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Thanks for the feedback. I can't comment on OpenHRP3 and RTC.

I can say the OpenDE (ODE) did not come out of the game community. It was created by Russell Smith during and following his PhD work. The game community adopted ODE because it was (and still is) a great physics engine. Bullet and Havok(which is a game engine) use the same techniques as ODE. Maybe the implementation of the underlying algorithms are more or less efficient in each engine, but the overall limitations of a rigid-body maximal-coordinate system physics solver apply to each engine.

As you mentioned, we are hard at work integrating minimal-coordinate system physics engines. One is coming from Simbody (Stanford) and the other DART(Georgia Tech). These two engines will provide Gazebo users with a more accurate solver for robots with many links and joints. This comes at a cost of being less efficient with many single link objects. In short, every physics engine has pros and cons. Users of Gazebo will be able to choose the engine that is most appropriate for their use case.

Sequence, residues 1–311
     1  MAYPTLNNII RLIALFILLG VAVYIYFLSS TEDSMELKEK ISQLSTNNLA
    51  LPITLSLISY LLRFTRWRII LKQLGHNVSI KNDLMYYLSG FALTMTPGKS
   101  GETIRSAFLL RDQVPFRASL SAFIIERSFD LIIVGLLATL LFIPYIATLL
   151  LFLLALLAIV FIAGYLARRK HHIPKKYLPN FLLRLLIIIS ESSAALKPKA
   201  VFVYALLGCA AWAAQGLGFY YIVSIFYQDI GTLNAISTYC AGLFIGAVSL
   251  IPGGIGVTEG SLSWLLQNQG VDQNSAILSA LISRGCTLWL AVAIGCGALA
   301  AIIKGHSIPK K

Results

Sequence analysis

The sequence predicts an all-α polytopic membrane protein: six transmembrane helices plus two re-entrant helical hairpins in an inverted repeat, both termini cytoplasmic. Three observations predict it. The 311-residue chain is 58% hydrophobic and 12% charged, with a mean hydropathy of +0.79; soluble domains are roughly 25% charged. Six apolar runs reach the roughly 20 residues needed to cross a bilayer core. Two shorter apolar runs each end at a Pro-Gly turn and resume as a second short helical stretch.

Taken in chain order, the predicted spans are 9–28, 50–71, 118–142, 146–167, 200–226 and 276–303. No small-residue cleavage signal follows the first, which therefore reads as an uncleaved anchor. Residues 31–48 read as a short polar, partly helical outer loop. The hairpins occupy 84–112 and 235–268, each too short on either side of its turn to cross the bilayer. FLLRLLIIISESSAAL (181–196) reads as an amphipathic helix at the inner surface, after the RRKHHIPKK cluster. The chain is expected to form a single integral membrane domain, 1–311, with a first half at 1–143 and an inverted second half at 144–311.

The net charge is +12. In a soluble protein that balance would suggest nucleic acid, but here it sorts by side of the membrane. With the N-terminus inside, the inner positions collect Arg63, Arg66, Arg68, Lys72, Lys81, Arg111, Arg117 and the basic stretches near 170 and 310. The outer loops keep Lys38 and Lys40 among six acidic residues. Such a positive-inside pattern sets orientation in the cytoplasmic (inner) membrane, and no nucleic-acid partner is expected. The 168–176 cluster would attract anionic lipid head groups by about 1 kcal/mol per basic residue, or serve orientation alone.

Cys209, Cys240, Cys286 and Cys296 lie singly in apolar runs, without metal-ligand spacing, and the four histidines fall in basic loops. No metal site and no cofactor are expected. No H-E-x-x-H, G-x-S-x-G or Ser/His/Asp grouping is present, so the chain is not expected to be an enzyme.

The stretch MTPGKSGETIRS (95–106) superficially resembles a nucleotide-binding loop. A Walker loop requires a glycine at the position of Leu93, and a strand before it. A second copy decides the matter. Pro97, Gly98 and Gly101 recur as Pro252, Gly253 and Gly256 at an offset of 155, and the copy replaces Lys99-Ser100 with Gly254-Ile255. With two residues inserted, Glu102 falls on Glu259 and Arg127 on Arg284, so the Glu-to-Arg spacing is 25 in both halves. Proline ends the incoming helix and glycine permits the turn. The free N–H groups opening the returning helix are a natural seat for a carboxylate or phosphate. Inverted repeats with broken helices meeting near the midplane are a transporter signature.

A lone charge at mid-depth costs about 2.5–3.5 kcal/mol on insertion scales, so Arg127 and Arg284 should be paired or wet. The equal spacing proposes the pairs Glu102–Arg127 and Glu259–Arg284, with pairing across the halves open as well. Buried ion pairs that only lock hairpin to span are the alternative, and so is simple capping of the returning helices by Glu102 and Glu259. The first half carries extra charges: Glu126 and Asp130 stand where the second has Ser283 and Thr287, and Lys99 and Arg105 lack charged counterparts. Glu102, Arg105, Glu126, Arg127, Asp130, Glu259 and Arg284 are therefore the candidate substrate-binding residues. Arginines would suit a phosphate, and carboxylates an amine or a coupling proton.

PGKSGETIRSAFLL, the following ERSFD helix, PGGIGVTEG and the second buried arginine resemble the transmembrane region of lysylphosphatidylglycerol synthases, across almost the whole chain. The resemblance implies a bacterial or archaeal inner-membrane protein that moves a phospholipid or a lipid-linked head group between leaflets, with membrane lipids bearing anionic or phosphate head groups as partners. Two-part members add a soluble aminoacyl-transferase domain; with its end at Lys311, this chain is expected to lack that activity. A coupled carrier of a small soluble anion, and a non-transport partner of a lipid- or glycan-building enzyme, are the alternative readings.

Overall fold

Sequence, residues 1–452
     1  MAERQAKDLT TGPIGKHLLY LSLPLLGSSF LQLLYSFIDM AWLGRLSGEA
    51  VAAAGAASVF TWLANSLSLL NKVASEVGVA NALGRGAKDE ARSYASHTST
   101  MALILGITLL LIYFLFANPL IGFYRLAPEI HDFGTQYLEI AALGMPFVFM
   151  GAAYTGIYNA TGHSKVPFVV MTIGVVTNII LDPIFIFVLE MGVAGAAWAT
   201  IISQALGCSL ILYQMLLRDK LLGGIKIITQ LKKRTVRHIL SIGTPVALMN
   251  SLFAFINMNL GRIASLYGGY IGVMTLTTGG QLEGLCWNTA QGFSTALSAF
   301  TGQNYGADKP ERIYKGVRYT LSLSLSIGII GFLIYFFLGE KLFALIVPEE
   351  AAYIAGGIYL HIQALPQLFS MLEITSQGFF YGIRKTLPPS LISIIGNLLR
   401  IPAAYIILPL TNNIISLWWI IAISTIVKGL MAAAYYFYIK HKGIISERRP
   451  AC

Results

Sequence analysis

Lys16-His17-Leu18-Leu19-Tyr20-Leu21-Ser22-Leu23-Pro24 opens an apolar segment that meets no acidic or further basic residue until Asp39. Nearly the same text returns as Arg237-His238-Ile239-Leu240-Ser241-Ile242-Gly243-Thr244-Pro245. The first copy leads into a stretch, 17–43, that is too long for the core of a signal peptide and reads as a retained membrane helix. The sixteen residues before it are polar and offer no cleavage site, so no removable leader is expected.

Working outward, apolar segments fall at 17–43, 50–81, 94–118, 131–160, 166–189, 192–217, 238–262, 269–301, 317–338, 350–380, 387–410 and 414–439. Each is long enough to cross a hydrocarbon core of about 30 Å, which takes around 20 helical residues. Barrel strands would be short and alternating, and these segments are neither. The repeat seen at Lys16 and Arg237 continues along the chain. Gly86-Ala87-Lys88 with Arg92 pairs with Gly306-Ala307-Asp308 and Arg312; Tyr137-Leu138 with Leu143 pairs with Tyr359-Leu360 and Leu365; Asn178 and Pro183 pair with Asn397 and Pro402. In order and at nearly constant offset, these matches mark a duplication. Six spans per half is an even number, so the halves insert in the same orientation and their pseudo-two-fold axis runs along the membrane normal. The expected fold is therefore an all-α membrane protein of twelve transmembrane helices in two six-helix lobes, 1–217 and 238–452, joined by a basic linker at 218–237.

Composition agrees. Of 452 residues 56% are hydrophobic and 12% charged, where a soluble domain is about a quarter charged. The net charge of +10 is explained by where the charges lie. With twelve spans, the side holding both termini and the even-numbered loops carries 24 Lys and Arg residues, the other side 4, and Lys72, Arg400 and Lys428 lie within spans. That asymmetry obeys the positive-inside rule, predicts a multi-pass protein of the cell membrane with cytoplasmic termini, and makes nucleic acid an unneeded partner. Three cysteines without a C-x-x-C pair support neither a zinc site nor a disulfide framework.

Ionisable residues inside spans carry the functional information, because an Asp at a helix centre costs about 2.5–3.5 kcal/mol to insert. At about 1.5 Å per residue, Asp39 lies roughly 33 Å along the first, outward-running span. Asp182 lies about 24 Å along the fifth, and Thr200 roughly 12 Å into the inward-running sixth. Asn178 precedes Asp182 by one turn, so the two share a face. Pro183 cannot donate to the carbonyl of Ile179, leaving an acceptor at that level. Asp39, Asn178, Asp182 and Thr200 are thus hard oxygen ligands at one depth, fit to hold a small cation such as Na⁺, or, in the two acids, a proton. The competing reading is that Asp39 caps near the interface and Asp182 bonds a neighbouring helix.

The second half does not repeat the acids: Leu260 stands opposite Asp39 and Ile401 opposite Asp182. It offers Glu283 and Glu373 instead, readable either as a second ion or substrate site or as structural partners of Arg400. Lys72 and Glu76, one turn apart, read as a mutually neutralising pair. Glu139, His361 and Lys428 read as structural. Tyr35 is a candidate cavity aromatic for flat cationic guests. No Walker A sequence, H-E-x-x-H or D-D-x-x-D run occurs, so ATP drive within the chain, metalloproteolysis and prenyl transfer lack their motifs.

We have spent a lot of time making the documentation stable, accurate, and up-to-date. Granted, you'll have to know what version of Gazebo you are running. Take a look at:

  1. Gazebo API

  2. Tutorials

  3. Message API

  4. SDF

  5. User Guide

If you can't find what you're looking for in those resources, please make use of this community website.

Any specific bugs and/or feature requests should go to our bitbucket repository.

Thanks again. I hope this helped answer your question.